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Thats enough introduction - on with the plants!
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... out in the garden.

8th August 2010

Magnolia sieboldii .
A hot week that has felt wet, but there hasn't actually been much rain so a few things in pots have needed more water than they got.
It is a quiet time in the garden, all the spring flowers are over and I have been enjoying other peoples Eucryphia in flower and wondering why I don't have more (the perfect choice to replace some of the unwanted Field Maples). This Magnolia was a surprise - I might easily have overlooked it but I am working on the border immediately underneath it and it is quite powerfully scented.
I seem to have as many flowers now as I had in spring. Perhaps the long dry spring inspired it to produce a second flush of buds, ot perhaps it is one of those species that always sputter on through the summer. More Magnolia should also go on the list. I planted a second one of these in spring, but now I am looking for a place to plant a grove.

8th August 2010

Anemone x hybrida .
Last week I had no Cyclamen, this week I have a dozen or so, with the promise of hundreds. I went out with the camera just to get a picture and discovered that on a sunny day in the middle of august there is not enough light under the tree canopy for the camera to work without a flash. I had been meaning to thin out some of the branches, and it is clearly time.
The Anemone was an unexpected reminder of autumn. I have seen them about in nurseries, but I had forgotten these ones, planted among the Hellebores to extend the season of interest. It seemed like a good idea at the time. In theory I can mow the whole bed in October when the Anemone finish flowering without doing any harm, and clear the ground before the Hellebore flowers start to emerge. It's a theory.
I planted three, but so far I can only see one, so they may not approve of the mowing!

8th August 2010

Crinum x powellii 'Album' .
A sensational bulb, the white form has much better shaped flowers than my pink one, but they are both excellent at the moment, and doing much better now they are out of pots. My pink ones came from a garden in Sussex (thank you Irene) where the great clumps marched in ranks down the garden like Burnham Woods. The owner said I could have as many as I wanted to dig. I managed five bulbs - they went down eighteen inches through solid clay. I can be quite determined, but as I was slowly coated in thick grey mud I finally had to admit defeat. I could have had them marching in their hundreds along the herbaceous border, but at an hour per bulb, I would still be excavating.
The white one I bought from Bob Brown. Much more sensible.

8th August 2010

Platycodon grandiflorus 'Astra'.
I'm not a great lover of campanula-purple. It is a very long reminiscence about my grandmother (if I can have a reminiscence about someone who was dead before I was born?) Fortunately it isn't relevant because I do like Platycodon. I grew it as a teenager when anything that sounded greek was exotic and alluring. Over the years it has come and gone a few times, but a brush with a magnificent clump at Kew in July inspired me to try again. This is a pink version of 'Astra', which is a stunted little pot plant strain, but I think it is lovely.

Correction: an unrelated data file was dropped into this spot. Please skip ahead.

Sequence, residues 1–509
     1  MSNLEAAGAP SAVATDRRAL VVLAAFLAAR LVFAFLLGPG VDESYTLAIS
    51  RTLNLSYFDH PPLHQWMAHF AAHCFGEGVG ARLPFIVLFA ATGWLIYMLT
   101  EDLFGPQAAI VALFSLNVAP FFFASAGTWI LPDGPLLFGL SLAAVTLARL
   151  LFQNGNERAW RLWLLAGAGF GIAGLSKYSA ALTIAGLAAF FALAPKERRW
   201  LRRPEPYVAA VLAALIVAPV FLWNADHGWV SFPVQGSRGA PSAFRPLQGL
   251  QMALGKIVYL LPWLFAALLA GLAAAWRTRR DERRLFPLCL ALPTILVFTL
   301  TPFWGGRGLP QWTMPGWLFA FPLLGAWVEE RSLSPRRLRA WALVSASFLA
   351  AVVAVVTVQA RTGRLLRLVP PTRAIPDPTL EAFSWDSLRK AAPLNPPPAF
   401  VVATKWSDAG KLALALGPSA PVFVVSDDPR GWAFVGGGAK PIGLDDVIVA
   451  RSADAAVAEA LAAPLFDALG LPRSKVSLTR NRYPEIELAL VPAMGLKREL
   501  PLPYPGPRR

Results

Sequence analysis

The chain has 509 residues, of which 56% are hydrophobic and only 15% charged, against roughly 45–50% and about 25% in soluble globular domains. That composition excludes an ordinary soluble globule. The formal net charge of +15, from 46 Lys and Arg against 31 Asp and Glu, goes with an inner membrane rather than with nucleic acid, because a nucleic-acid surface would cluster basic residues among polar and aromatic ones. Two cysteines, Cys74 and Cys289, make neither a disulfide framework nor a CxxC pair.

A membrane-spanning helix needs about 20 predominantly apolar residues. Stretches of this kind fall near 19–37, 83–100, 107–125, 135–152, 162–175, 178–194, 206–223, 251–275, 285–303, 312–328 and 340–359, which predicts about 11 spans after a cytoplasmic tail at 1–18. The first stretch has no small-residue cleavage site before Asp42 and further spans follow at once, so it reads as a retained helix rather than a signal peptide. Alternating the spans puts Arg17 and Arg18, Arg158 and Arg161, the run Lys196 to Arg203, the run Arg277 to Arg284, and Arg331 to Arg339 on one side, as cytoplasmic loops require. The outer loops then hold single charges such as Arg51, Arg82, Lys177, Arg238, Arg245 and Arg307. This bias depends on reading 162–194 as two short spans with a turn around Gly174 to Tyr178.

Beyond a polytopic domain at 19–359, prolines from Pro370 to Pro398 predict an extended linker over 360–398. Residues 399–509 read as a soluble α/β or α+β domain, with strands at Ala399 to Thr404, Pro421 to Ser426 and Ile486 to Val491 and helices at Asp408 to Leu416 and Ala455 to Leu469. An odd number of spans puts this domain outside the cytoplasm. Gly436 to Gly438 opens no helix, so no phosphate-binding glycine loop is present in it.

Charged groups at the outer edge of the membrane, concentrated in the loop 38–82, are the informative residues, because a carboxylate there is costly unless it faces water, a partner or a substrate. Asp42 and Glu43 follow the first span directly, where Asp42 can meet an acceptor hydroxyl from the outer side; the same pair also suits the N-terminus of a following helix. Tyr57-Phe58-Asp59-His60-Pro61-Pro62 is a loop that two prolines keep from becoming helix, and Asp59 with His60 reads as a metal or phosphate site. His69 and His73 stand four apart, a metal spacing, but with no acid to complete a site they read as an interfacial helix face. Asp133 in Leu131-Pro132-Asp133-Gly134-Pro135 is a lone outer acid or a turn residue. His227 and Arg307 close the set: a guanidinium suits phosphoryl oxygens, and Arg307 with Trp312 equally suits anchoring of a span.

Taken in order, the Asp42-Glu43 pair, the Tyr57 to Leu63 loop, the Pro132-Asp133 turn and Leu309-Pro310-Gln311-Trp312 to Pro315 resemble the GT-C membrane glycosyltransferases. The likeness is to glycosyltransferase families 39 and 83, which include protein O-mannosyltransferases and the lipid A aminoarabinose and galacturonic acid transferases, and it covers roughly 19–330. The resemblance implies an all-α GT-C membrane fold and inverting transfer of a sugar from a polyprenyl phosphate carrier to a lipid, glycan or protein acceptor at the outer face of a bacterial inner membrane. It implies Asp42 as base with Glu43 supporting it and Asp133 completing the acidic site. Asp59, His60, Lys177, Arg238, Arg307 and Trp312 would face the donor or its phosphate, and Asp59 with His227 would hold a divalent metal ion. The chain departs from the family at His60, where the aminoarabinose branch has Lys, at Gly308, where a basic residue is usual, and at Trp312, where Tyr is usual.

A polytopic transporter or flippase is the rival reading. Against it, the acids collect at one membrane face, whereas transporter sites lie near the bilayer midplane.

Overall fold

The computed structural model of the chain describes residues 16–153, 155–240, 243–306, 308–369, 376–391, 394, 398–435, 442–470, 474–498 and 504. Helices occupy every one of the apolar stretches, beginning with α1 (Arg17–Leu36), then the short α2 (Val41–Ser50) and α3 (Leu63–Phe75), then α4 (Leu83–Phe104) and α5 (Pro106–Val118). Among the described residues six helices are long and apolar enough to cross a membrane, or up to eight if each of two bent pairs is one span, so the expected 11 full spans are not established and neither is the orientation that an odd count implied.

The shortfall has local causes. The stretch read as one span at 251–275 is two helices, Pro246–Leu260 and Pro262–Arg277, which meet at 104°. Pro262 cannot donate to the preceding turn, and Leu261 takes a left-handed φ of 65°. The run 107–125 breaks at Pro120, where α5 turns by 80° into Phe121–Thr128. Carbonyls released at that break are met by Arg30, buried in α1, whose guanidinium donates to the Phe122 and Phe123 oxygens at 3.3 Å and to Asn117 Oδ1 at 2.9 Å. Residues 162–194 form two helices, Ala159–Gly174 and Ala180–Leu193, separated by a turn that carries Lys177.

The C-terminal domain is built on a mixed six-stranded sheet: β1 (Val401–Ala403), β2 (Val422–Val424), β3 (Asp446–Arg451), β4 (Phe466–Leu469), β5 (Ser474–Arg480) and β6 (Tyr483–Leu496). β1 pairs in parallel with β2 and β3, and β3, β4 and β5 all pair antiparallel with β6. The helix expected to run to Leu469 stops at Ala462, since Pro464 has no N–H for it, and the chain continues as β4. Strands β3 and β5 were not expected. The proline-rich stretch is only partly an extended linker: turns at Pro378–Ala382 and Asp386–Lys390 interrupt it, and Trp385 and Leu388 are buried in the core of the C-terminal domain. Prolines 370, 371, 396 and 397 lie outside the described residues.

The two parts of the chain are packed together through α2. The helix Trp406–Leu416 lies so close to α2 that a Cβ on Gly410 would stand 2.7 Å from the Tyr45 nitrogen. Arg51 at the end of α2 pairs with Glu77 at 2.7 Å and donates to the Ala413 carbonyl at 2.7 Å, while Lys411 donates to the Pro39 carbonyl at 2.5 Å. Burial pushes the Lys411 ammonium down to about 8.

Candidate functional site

I have had it for two days, and I wouldn't normally show a newcomer on this page but slugs and rabbits both like it as much as I do. I planted it on friday night and I wasn't expecting to see it on saturday morning, but it's still with me.
It is possible that planting it in a bucket of sand has temporarily confused the slugs, and the rabbits are clearly occupied reducing my Phlox to stumps. Unfortunately, that job is now almost complete so they will be looking for employment elsewhere...

Acorus Alocasia Anemone Arisaema Arum Asarum Aspidistra Begonia Bromeliads Camellia
Carnivorous Cautleya Chirita Chlorophytum Clivia Colocasia Crocosmia Dionaea Drosera Epimedium
Eucomis Fuchsia Galanthus Hedychium Helleborus Hemerocallis Hepatica Hosta Impatiens Iris
Liriope Ophiopogon Pinguicula Polygonatum Ranunculus ficaria Rhodohypoxis Rohdea Roscoea Sansevieria Sarracenia
Scilla Sempervivum Tricyrtis Tulbaghia Utricularia Viola odorata Watsonia

To find particular groups of plants I grow, click on the genus name in the table above. Click on the "Index" box at the top of the page for the full list.
I have a lot of good intentions when it comes to updating this site, and I try to keep a note about what is going on, if you are interested.
If you want to contact me, the address is infoMONKEYjohnjearrard.co.uk
When typing the address in, please replace MONKEY with the more traditional @ symbol! I apologise for the tiresome performance involved, but I am getting too much spam from automated systems as a result of having an address on the front page.